Radioiodine ablation in thyroid cancer patients: comparison of length and cost of hospital stay between preparation by thyroid hormone withdrawal and Thyrogen

ArticleinEuropean journal of nuclear medicine and molecular imaging 35(8):1457-63 · May 2008with15 Reads
DOI: 10.1007/s00259-008-0754-9 · Source: PubMed
Abstract
Treatment of thyroid cancer consists of thyroidectomy and radioiodine ablation following thyroid-stimulating hormone (TSH) stimulation. Similar ablation rates were obtained with either thyroid hormone withdrawal (THW) or rhTSH. But with rhTSH, the elimination of radioiodine is more rapid, thus reducing its whole-body retention and potentially resulting in a shorter hospital stay. The aim of this study was to assess the financial impact of a reduced length of hospital stay with the use of rhTSH. This was a case-control study of thyroid cancer patients treated postoperatively with 3,700 MBq (100 mCi) radioiodine; 35 patients who received rhTSH were matched with 64 patients submitted to THW according to covariates influencing radioiodine retention. The length of hospitalization (LOH) was estimated for each method according to the threshold of radioiodine retention below which the patient can be discharged from the hospital. The economic analysis was conducted from a hospital perspective. Simulations were performed. For a threshold of 400 MBq, the LOH was 2.4 days and 3.5 days with rhTSH and THW, respectively, and the cost for an ablation stay was, respectively, 2,146 and 1,807 . In the French context, 57% of the acquisition cost of rhTSH was compensated by the reduction of the length of hospitalization. By increasing the iodine excretion, rhTSH allows a shorter hospitalization length, which partially compensates its acquisition cost.
    • "Three randomized controlled clinical trials 4–6 were included. Trial durations were from December 2001 to July 2010 in two trials 5–6; the duration was not mentioned in one trial 4. Four RCTs comparing rhTSH-aided versus THW-aided radioiodine remnant ablation 7–10, eight historical case–control studies 11–18, and four nonrandomized prospective controlled clinical trials 19–22 on rhTSH -aided 131I thyroid remnant ablation were excluded. "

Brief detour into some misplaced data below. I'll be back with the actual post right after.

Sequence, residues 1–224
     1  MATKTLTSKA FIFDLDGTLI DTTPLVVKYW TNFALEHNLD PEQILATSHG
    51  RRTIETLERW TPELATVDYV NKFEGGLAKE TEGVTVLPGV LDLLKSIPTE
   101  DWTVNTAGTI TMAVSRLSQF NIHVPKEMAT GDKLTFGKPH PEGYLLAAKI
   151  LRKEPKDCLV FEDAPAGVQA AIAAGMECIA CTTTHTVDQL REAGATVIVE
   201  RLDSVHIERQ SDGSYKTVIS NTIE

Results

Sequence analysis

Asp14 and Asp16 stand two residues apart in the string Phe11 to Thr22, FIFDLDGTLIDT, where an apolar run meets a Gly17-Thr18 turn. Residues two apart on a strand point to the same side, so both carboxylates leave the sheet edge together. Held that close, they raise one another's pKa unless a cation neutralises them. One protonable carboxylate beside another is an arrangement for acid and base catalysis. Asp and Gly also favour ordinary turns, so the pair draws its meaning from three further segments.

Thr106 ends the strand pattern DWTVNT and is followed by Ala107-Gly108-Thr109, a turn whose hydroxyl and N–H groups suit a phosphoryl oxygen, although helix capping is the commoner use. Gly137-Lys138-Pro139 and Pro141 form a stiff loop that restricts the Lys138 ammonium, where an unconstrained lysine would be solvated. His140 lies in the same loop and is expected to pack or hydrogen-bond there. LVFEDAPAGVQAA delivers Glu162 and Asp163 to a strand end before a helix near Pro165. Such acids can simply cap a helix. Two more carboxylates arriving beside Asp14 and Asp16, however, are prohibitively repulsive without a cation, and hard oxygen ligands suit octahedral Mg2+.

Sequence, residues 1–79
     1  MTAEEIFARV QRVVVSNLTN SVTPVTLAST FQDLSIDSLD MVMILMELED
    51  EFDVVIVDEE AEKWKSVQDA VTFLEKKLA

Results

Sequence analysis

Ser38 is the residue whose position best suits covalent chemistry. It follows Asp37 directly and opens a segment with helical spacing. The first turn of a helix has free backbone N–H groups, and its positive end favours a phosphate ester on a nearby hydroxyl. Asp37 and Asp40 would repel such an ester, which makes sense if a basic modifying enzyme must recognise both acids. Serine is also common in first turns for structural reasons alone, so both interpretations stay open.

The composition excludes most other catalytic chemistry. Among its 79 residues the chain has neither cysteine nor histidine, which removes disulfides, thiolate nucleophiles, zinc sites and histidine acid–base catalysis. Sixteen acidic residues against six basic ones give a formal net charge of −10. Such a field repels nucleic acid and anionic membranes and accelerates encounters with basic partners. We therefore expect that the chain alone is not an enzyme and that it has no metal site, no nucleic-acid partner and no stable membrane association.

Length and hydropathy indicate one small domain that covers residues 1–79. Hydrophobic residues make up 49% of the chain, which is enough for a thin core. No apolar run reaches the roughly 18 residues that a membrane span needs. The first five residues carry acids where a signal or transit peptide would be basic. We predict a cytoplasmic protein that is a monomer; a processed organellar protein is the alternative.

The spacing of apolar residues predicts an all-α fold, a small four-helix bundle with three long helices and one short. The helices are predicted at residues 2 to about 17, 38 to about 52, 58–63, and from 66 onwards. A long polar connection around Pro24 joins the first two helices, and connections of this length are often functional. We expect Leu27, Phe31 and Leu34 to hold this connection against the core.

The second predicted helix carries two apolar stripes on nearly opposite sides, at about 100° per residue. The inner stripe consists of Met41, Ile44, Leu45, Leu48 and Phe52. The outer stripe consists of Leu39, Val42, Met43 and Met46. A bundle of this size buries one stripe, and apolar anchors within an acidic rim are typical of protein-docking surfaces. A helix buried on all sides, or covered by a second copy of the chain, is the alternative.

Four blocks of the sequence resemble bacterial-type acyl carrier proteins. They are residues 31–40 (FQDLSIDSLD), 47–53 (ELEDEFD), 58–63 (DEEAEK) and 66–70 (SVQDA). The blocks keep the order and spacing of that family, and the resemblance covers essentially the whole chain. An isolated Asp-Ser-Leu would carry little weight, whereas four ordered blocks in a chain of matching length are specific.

[Show abstract] [Hide abstract] ABSTRACT: The effects of low-activity versus high-activity radioiodine regimens in thyroid remnant ablation for patients with differentiated thyroid carcinoma (DTC) under recombinant human thyrotropin (rhTSH) stimulation have been widely quoted but there has been no systematic review of the evidence. We undertook a systematic review of randomized controlled trials to assess the effects of low-activity radioiodine in thyroid remnant ablation in patients with DTC under rhTSH stimulation compared with high-activity radioiodine. Studies were obtained from computerized searches of MEDLINE, EMBASE, and the Cochrane Library (all until September 2012). Randomized controlled trials were included. Altogether, 637 patients with DTC who participated in three trials for residual ablation were included. Overall, studies had a low risk of bias. We found no statistically significant differences between low-activity (1.11/1.85 GBq) and high-activity (3.7 GBq) radioiodine treatment aided by rhTSH in terms of successful ablation rates on the basis of diagnostic scans [odds ratio (OR) 0.85, 95% confidence interval (CI) 0.49-1.47, P=0.56], thyroglobulin levels (OR 0.66, 95% CI 0.38-1.15, P=0.14), and health-related quality of life (mean difference 0.07, 95% CI -0.96 to 1.09, P=0.9). In addition, the subgroup analysis of 1.11 versus 3.7 GBq (OR 0.83, 95% CI 0.46-1.49, P=0.53) and 1.85 versus 3.7 GBq (OR 1, 95% CI 0.23-4.35, P=1) also showed no significant differences. The lower activity of 1.11 GBq showed significant benefit in terms of reduction in adverse events including neck pain, radiation gastritis, and salivary dysfunction during and after ablation (OR 0.63, 95% CI 0.42-0.93, P=0.02). Limited data from three randomized controlled trials suggested that an rhTSH-aided low radioiodine activity level of as low as 1.115 GBq may be sufficient for thyroid remnant ablation when compared with 3.7 GBq, with fewer common adverse effects in patients with metastasis-free DTC. Further evidence is needed to confirm the effects of low-activity radioiodine for thyroid remnant ablation. Radioiodine treatment of 1.11 GBq showed significant benefit in terms of reduction in adverse events including neck pain, radiation gastritis, and salivary dysfunction during and after ablation (OR 0.63, 95% CI 0.42-0.93, P=0.02). rhTSH-aided low radioiodine activity levels of 1.11 and 1.85 GBq are sufficient for thyroid remnant ablation as compared with 3.7 GBq, with fewer common adverse effects in patients with metastasis-free DTC. A well-designed study that compares low-activity with high-activity radioiodine ablation is needed to fully understand the long-term adverse effects and relapse or metastases.